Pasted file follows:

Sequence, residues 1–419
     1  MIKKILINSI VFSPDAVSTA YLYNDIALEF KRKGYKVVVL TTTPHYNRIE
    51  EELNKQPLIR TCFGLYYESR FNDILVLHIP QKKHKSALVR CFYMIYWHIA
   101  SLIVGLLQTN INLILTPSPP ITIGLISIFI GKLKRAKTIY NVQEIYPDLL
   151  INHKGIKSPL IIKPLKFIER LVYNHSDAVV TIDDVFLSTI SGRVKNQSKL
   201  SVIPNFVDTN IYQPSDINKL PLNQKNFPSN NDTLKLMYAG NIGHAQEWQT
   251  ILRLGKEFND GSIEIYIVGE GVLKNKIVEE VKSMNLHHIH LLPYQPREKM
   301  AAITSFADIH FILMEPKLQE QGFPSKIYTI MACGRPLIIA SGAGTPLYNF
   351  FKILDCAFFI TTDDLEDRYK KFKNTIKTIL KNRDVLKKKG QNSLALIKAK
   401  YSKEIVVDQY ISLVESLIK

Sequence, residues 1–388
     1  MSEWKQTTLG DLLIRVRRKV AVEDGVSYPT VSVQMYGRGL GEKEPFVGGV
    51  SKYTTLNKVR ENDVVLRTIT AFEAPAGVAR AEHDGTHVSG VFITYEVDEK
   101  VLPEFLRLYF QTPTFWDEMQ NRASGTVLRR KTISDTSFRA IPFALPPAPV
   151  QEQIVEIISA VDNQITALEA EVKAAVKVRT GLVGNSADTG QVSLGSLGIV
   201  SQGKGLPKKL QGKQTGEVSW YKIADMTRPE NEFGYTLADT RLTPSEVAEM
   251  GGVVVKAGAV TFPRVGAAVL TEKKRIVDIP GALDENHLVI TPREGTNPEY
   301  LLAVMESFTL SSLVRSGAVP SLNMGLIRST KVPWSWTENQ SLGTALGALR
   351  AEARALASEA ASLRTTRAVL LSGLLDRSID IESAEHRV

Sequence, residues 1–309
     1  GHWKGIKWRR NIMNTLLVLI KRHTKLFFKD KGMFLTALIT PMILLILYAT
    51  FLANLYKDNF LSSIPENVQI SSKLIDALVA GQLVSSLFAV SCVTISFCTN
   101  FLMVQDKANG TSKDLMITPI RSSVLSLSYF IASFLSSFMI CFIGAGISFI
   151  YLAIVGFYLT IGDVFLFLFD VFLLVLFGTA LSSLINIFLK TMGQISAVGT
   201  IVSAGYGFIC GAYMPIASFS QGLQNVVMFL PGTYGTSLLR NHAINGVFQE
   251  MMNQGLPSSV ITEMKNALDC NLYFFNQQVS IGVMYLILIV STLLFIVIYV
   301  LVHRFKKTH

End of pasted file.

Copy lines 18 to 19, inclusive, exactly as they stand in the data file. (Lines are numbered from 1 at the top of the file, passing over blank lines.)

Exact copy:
   301  LLAVMESFTL SSLVRSGAVP SLNMGLIRST KVPWSWTENQ SLGTALGALR
   351  AEARALASEA ASLRTTRAVL LSGLLDRSID IESAEHRV